“The greatest foreign policy miscalculation” is what the author, a professor at the Naval War College, calls the Vietnam War. Although hardly a startling observation, few, if any, historians have surpassed Kaiser’s meticulous research to justify this seemingly obvious conclusion. He spent nine years investigating the most recently declassified volumes of the Foreign Relations of the United States and other primary resources to arrive at some bold, well-documented interpretations of the War’s origins. Unfortunately, the CIA ignored his requests for papers that should have been made available under the Freedom of Information Act.
The leading characters in this tragedy include Presidents Eisenhower, Kennedy and Johnson, their respective cabinet members and the Joint Chiefs of Staff. Kaiser develops an intriguing model of intergenerational leadership refined from the pioneering work of historians William Strauss and Neil Howe, who identify the Vietnam era leaders as products of the “GI Generation”—those born between 1901 and 1924 and who led America to victory in World War II.
In sharp contrast to Americans born before 1901 and after 1924, the GI Generation that led the nation into the war contained almost no doubters about the wisdom or the success of the enterprise. This, as much as anything else, probably accounted for the decision not only to enter the war but also to persevere for eight fruitless years.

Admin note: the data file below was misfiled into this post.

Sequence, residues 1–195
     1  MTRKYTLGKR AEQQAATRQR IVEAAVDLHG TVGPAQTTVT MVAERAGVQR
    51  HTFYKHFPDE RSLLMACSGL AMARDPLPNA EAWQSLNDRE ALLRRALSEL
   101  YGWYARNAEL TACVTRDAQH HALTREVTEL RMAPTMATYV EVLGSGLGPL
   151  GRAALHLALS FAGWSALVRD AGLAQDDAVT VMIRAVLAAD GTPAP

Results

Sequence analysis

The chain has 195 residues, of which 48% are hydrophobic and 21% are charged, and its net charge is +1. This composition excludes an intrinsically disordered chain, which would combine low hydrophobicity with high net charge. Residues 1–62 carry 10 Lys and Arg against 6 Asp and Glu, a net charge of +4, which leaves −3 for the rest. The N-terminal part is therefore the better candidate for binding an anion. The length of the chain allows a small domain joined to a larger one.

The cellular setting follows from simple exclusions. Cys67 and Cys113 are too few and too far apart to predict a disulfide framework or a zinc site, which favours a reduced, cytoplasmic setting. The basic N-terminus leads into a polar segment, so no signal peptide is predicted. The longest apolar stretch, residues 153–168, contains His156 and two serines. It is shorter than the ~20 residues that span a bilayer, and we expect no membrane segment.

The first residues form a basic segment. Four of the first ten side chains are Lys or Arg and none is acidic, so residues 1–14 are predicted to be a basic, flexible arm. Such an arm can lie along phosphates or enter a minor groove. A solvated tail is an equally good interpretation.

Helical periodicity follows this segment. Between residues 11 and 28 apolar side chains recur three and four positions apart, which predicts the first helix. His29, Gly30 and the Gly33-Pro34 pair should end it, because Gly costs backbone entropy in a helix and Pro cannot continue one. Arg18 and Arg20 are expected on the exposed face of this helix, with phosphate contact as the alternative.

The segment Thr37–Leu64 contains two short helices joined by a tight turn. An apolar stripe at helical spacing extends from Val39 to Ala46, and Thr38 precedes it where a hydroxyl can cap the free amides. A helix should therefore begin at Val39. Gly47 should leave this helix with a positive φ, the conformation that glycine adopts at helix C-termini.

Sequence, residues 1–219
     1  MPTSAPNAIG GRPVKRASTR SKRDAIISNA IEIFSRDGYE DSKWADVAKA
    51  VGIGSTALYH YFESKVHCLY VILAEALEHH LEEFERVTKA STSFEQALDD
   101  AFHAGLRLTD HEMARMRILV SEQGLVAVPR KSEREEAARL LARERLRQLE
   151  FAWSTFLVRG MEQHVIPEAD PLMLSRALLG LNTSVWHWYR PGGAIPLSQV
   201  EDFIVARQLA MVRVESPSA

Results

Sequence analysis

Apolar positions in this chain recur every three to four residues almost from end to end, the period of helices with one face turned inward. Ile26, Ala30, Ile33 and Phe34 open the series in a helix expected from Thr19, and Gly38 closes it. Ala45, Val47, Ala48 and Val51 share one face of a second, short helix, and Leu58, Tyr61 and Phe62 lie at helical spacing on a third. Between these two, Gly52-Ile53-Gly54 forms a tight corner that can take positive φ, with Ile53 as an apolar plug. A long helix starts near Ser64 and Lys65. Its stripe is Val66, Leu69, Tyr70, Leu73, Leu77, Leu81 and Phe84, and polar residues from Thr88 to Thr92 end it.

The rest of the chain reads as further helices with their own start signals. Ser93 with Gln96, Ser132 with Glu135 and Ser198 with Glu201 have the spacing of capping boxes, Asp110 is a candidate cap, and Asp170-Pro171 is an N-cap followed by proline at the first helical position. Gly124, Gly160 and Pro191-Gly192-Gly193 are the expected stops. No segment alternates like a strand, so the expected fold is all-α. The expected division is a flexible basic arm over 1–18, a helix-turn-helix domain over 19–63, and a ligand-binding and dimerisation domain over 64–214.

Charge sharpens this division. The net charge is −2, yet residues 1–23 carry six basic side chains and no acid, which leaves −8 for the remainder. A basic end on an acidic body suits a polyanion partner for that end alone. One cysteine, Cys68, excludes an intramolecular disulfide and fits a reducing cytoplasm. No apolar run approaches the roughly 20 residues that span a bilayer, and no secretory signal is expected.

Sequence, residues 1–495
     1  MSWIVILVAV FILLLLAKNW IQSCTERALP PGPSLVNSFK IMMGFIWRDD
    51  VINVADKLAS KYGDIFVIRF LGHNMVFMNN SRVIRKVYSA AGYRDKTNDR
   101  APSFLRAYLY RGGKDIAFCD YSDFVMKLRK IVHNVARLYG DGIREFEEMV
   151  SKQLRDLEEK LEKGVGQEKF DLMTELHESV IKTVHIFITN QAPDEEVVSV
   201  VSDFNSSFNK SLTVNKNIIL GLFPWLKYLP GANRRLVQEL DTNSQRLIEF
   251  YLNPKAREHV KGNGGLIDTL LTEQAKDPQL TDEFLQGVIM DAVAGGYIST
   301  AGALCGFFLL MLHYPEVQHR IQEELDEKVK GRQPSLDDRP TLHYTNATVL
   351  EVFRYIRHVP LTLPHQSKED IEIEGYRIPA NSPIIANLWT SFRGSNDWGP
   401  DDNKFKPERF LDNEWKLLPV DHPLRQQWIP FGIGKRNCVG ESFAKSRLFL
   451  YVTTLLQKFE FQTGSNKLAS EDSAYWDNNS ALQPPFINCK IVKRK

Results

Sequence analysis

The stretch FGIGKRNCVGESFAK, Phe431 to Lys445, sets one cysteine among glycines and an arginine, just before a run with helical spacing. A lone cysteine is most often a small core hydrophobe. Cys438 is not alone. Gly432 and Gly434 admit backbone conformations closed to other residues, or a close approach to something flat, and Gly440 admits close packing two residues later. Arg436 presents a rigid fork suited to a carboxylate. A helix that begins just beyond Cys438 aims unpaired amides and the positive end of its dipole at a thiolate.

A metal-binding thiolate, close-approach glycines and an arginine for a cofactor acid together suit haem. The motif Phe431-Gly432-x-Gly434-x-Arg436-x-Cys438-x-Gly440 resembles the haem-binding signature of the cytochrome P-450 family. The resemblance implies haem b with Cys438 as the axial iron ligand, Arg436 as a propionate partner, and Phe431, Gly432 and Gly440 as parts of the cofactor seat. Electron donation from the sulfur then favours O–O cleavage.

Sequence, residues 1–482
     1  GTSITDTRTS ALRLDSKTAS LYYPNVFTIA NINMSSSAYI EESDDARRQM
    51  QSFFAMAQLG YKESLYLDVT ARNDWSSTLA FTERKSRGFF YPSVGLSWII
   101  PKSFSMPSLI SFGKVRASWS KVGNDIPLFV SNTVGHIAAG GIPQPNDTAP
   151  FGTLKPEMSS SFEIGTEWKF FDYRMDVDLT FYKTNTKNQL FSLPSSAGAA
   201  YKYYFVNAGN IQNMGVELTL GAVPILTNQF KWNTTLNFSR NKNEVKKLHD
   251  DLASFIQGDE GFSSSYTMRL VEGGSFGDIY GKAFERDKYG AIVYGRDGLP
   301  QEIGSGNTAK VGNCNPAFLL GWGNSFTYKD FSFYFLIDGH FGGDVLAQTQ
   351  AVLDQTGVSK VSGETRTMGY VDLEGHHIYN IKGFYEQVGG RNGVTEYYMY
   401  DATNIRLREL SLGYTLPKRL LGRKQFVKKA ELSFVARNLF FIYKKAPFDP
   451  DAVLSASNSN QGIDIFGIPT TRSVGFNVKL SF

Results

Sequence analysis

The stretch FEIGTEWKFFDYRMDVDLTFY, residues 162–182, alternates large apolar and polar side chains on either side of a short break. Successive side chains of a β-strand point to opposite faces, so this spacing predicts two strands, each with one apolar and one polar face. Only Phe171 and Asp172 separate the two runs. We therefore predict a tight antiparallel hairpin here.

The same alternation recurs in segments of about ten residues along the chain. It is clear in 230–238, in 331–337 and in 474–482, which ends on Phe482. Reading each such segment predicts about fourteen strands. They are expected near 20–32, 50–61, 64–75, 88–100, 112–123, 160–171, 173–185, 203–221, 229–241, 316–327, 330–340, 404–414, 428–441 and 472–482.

Kaiser views the war as a logical, but not inevitable consequence of the early Cold War years. He faults Eisenhower much more than Kennedy for escalation, a view disputed by other historians. Eisenhower’s reliance on nuclear weapons instead of conventional troops nearly resulted in an international disaster as he tried to impose a pro-Western democracy in Laos.
Although Kennedy was a member of the GI Generation, he was much more successful than Eisenhower at curbing the warlike intentions of his advisors, especially those of his self-promoting Secretary of Defense Robert McNamara. The author skillfully describes the backbiting among Kennedy’s advisors and places the war in context. The nuclear test ban, Civil Rights Movement, tensions between East and West Germany and relations with the Soviet Union were more important issues during the early Sixties.
Any success that Kennedy might have had in ending the war died with him. Unlike Kennedy, President Johnson never considered withdrawal or a neutral Vietnam as possibilities. As the war continued to tear America apart, shows of strength became increasingly important to Johnson, his advisors and the military, and full-scale war with nuclear weapons was considered before his resignation in 1968.
The final years and failures of American-Vietnam diplomacy are well told by Jeffrey Kimball in Nixon’s Vietnam War (University Press of Kansas, 1998). Kaiser’s inquiry will probably not go unchallenged, but will remain an authoritative appraisal of the causes of the War for years to come.
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